Leila Abboud is a Bloomberg Gadfly columnist covering technology. She previously worked for Reuters and the Wall Street Journal.

Telefonica has taken a kicking from British voters -- but has gotten a stay of execution from Mario Draghi. It needs to use that time to reduce its 50 billion euro ($55.2 billion) debt pile to deliver on its pledge to keep its precious investment-grade credit rating.

The Spanish telecom is scrambling to keep its head above water after European competition regulators in May scuppered its big plan to cut debt with a 10.25 billion-pound ($13.3 billion) sale of O2, its British mobile arm. Britain's shock vote to leave the European Union derailed a backup plan to sell shares in the company or find a different buyer.

The European Central Bank's move this year to include company debt in its bond-purchase program is helping keep a lid on borrowing costs for Telefonica and other European companies. But pressure to delever persists. 

Hanging On in Credit Land
Telefonica hasn't been dealt an outsized blow by credit investors from the year's turmoil
Source: Bloomberg
Normalized performance of credit-default swaps

Moody's has already cut the outlook on its Baa2 credit rating to negative, and said that it wants to see "clear evidence of progress" towards deleveraging this year. Carlos Winzer, analyst at the rating agency, reckons Telefonica must cut 14 billion euros of debt for management to achieve its goal of a ratio of net debt to Ebitda of 2.35 times.

A sale of O2 is the only move available that will really take a significant chunk of out the debt. But the stars are not aligned for this to happen soon. Telefonica needs to pursue a patchwork of other options in the meantime, while it waits for market conditions to turn in its favor.

Management may have gotten this memo -- the company said Monday that it will raise 322 million euros by selling a 1.5 percent stake in China Unicom. That's a drop in the ocean, and it needs to do much more.

No Fun
Telefonica isn't generating enough cash to cover dividends and network investments while paying down debt
Source: Bloomberg

Telefonica should keep its eye on its plan to sell up to 49 percent of its Telxius infrastructure unit. That initial share sale was set to go forward in July but was also put on hold after the Brexit vote. It could raise up to 2 billion euros, and provided it can get a decent valuation, Telefonica should try going ahead with it.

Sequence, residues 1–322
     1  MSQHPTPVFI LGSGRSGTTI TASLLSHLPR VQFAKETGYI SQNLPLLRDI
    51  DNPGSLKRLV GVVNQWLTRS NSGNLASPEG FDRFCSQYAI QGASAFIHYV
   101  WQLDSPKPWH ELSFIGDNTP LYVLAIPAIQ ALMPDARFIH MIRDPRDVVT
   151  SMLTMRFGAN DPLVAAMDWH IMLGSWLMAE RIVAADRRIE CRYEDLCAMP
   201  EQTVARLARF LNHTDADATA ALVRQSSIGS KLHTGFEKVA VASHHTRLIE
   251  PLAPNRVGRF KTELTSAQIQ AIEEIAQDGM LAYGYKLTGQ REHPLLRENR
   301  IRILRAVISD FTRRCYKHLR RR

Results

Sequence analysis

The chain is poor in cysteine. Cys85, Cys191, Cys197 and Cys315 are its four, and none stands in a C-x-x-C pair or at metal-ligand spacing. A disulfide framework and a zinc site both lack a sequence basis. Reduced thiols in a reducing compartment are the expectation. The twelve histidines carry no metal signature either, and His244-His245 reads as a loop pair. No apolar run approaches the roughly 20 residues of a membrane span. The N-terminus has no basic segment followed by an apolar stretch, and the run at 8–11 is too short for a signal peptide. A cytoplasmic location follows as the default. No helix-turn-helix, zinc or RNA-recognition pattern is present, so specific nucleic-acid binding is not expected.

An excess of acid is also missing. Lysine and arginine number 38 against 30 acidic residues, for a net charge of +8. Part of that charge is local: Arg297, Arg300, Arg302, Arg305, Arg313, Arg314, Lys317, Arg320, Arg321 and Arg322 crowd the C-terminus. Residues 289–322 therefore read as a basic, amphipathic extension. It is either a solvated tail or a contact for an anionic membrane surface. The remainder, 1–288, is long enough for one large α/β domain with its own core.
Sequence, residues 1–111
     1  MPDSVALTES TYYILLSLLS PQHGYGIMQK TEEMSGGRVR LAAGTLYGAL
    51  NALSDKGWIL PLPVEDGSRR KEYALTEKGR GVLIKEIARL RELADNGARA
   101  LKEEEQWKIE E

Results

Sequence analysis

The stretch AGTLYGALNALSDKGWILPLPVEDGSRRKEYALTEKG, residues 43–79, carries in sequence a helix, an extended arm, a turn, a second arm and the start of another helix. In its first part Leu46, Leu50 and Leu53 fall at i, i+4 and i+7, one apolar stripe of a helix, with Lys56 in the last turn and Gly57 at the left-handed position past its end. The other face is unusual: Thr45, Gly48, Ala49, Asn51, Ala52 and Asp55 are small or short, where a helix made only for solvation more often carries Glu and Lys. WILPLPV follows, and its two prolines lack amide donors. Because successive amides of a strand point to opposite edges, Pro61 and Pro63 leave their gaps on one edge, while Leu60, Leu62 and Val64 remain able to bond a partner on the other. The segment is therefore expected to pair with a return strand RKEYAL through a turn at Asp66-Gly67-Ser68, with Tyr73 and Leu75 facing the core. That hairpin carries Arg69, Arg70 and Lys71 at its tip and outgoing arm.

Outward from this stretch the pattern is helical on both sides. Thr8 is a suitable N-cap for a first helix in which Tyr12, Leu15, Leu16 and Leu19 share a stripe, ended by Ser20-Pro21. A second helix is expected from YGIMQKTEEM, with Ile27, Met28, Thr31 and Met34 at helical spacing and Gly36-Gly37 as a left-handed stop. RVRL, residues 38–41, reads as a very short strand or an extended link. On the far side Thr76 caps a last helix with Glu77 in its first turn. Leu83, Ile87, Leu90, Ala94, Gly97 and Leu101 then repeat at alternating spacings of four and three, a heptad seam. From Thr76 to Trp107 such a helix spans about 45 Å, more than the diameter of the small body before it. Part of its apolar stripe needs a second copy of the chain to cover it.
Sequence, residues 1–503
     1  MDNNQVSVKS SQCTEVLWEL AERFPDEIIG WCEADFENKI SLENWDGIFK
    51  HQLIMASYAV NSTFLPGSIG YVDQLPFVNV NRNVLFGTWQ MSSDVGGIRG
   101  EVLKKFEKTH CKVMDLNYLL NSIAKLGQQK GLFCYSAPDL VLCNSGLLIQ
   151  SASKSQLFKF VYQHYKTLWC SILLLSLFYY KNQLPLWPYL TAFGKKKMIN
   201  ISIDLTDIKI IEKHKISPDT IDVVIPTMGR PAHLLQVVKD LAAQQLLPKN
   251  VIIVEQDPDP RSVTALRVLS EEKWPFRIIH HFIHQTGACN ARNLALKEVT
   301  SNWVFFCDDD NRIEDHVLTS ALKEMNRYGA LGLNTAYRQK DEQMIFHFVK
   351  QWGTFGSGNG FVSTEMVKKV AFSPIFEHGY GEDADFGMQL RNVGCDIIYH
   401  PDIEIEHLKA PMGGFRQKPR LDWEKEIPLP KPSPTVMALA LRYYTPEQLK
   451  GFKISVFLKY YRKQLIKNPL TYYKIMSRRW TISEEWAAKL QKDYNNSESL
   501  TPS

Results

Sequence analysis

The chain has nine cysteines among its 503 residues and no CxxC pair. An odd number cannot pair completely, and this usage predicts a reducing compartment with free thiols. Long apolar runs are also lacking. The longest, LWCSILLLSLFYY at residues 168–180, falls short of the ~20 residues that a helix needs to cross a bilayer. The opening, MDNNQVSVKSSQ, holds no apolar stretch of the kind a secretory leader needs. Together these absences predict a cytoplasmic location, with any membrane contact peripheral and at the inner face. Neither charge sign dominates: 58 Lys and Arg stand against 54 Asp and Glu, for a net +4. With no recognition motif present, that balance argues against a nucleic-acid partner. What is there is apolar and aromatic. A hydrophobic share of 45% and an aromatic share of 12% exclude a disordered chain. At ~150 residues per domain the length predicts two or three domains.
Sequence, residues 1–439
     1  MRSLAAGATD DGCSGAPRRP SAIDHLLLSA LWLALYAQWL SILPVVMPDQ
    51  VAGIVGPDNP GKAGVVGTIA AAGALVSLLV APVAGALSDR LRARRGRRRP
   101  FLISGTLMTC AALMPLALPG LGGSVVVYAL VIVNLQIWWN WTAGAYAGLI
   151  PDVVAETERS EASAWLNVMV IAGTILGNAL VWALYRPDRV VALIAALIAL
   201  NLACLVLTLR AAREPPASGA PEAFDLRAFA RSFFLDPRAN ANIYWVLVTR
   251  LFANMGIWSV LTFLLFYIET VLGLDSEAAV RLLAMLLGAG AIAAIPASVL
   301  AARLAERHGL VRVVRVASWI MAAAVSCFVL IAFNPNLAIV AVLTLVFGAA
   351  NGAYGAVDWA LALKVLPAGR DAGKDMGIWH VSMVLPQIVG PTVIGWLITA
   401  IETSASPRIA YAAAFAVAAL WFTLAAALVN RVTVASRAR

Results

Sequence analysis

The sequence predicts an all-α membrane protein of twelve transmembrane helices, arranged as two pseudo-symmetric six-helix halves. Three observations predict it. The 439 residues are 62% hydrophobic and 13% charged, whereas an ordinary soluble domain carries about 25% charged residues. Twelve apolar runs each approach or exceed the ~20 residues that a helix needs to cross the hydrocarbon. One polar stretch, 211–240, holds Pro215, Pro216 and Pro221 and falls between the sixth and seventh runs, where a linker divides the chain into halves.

It shouldn't wait around on that, either. One step it should take straight away is to either suspend its dividend outright or pay it completely in shares, which would save about 2.8 billion euros based on 2015 pay-out figures. Shareholders won't like either plan, but Telefonica's debt problem is more important. 

There are also other minority holdings it could unload to raise up to 700 million euros, according to Mirabaud Securities, such as the rest of its China Unicom stake, a 0.7 percent stake in BBVA or even its Argentinian television business.

It could be smart for Telefonica to issue hybrid bonds, deeply subordinated securities that have features such as permitting suspended coupon payments. Moody's counts them as half equity when calculating the size of a company's net debt load.

They're not a clean bet since rating agencies can also change their mind about how they're counted; last year S&P decided that 29 hybrid bonds, including one of Telefonica's, no longer qualified as 50 percent equity. But in a negative-rate world, the higher coupons on the securities could be attractive.

So it's worth a shot. Telefonica already has about 5.5 billion euros of these instruments on its balance sheet, and Moody's Winzer says it has room to add another 5.5 billion euros.

Teflon Telefonica
China meltdown and Brexit weren't enough to stop the upward march of Telefonica's hybrid bond price
Source: Bloomberg

The mix of steps the company must now take amount to a sad impasse for José María Álvarez-Pallete, who took over as chief executive in April. Just four years have passed since the company suspended its dividend for the first time in its history, during the height of the European debt crisis.

It looks once again like the company has been caught amid bigger historical shifts. All Pallete can do is show that he's determined to do everything he can to solve Telefonica's debt problems once and for all.

This column does not necessarily reflect the opinion of Bloomberg LP and its owners.

To contact the author of this story:
Leila Abboud in Paris at

To contact the editor responsible for this story:
Jennifer Ryan at